There are several medications for dogs with separation anxiety, but in order to be effective, they need to be accompanied by a behavior modification plan. With dogs suffering from separation anxiety to the point of it affecting their physical and emotional wellbeing, it's important tackling the issue correctly. Veterinarian Dr. Ivana lists several medications for dogs with separation anxiety.
Ask the Vet: Help, My Dog Walks as if Drunk!
If your dog walks as if drunk, you are right to be concerned. Dogs, just like humans, may be prone to a variety of medical problems with some of them causing dogs to walk around with poor coordination. Veterinarian Dr. Ivana shares a variety of reasons why a dog may walk as if drunk.
Are Miniature Schnauzers Hyper?
To better understand whether miniature schnauzers are hyper it helps to take a closer look into this breed's history and purpose. Of course, as with all dogs, no general rules are written in stone when it come to temperament. You may find some specimens who are more energetic and others who are more on the mellow side.
How are ear flap hematomas diagnosed? An experienced vet will be able to diagnose this condition just by looking at the dog’s ear. However, the vet will perform a complete and thorough physical examination to determine the underlying cause.
How are ear flap hematomas treated? The treatment of choice for ear flap hematomas is surgery. The procedure is performed under general anesthesia and the recovery period is short and straightforward.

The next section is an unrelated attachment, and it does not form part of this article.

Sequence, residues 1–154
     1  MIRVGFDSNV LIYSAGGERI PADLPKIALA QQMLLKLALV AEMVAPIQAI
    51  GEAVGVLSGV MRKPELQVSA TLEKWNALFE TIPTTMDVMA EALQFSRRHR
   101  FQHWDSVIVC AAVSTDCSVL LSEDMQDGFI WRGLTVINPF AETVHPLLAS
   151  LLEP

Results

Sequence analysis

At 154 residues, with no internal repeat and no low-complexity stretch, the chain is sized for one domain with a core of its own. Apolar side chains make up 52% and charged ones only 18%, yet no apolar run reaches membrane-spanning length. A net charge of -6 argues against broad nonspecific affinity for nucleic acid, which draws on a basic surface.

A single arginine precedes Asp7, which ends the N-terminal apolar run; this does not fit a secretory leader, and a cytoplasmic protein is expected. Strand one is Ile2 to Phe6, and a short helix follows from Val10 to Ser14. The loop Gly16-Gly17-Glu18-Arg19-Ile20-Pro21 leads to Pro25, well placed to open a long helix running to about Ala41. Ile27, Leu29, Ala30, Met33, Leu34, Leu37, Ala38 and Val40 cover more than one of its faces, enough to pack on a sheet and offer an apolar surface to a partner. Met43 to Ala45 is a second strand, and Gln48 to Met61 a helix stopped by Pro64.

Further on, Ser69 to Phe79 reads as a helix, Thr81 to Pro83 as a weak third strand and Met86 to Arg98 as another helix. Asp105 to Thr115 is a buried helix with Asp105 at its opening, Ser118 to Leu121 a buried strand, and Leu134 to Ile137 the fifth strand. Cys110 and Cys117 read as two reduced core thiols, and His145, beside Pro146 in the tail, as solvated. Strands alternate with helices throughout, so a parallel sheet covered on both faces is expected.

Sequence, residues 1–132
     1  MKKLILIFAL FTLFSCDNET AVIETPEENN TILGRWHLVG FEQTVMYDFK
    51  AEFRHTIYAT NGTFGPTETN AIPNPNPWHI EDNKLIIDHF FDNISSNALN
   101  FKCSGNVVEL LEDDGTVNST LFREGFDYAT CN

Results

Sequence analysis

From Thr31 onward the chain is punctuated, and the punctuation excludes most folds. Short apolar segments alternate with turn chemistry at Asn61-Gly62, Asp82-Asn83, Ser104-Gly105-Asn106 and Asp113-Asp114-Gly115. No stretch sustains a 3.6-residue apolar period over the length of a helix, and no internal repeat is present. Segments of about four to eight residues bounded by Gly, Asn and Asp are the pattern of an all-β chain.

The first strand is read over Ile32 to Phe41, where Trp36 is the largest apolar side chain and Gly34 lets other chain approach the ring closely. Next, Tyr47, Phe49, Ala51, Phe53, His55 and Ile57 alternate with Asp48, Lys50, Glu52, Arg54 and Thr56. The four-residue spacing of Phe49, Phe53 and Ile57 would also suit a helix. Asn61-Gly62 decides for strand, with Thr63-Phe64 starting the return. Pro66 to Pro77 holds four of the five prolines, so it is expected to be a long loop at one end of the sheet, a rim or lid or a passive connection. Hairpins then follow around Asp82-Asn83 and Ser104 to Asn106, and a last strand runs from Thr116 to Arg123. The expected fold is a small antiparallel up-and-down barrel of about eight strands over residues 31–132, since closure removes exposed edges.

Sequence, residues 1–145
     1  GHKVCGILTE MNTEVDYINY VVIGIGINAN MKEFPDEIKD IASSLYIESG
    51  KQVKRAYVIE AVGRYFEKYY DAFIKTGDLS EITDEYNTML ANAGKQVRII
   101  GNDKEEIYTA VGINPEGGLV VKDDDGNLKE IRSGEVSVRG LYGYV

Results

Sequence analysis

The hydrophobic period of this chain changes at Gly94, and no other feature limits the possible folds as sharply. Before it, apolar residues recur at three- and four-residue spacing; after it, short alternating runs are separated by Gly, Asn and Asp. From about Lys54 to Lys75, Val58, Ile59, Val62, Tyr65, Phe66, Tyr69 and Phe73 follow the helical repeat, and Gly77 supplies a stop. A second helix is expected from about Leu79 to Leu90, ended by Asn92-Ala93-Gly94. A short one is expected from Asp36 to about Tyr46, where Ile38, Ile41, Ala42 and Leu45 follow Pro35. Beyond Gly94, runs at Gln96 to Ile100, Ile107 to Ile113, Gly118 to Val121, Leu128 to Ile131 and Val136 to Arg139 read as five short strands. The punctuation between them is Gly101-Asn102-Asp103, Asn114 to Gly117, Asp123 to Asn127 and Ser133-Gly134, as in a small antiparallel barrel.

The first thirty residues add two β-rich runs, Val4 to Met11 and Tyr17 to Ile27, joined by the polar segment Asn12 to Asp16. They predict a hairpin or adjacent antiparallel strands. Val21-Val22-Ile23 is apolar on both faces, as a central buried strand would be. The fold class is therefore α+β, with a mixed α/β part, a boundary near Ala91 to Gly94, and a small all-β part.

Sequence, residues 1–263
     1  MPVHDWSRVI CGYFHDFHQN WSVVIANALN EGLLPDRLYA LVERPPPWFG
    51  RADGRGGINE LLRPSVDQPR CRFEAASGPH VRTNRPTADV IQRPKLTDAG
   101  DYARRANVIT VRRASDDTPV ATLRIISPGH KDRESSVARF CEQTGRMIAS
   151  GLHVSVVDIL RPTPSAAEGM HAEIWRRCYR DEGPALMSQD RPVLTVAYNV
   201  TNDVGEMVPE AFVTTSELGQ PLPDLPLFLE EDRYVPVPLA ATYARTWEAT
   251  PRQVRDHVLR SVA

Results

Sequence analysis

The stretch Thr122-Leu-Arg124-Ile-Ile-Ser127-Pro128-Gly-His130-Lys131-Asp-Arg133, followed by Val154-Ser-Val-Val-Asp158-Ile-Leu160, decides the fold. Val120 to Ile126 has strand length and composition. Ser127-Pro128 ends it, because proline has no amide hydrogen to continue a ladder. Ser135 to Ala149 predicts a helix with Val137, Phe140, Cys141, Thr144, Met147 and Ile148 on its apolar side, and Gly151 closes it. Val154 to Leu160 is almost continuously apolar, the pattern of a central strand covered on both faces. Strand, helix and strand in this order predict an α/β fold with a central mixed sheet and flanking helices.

In the past, ear hematomas were treated by draining the accumulated blood through a wide needle or by aspirating the accumulated blood with a syringe. However, this treatment results in temporary alleviation. It does not solve the problem. Consequently, more often than not, the ear flap will refill with blood shortly after the drainage.
Lately, some experimental treatments involve injecting certain drugs under the ear flap’s skin, directly into the accumulated blood. However, this approach does not guarantee full blood reabsorption, and it does not prevent future accumulations.
What Happens if My Dog's Ear Hematoma is Left Untreated?
Theoretically speaking, yes, most cases of ear hematomas can resolve on their own. Ear hematomas are considered a minor medical issue, and if left without treatment, over time, the accumulated blood is likely to reabsorb, and the pain will go away.
However, without proper veterinary care, the ear will likely endure permanent disfiguration. Plus, since ear hematomas are painful, leaving a dog without treatment is inhumane.
Last but not least, in cases where the ear hematoma does not heal on its own, the accumulation may become so big, that the ear canal gets wholly occluded. This will trap the content of the ear and may trigger a severe ear infection. There are therefore potential consequences in leaving dog aural hematomas untreated.
There is a popular misconception that ear flap hematomas can explode if left untreated. This is nothing but a myth. The consequences of leaving ear hematomas untreated are in most causes purely cosmetic. Cosmetic issues are a problem only for show dogs.
So, if having your dog’s ear hematoma surgically treated is too expensive or if your dog is too old and you do not want to take the risk, probably you will have to deal with a so-called cauliflower ear.
The term cauliflower ear is used to describe the permanent disfiguration of the ear that develops if the hematoma is left untreated. The disfiguration is caused by the scar tissue formation that follows the abnormal changes in the ear’s tissue layers.
As previously stated, the cauliflower ear can be considered a medical issue instead of cosmetic only if the disfiguration affects the ear canal to the point it becomes completely occluded. In such a situation, surgical reconstructive surgery is necessary to restore normal appearance and function.
For further reading: what causes dog aural hematoma to come back after surgery?
About the Author
Dr. Ivana Crnec is a graduate of the University Sv. Kliment Ohridski’s Faculty of Veterinary Medicine in Bitola, Republic of Macedonia.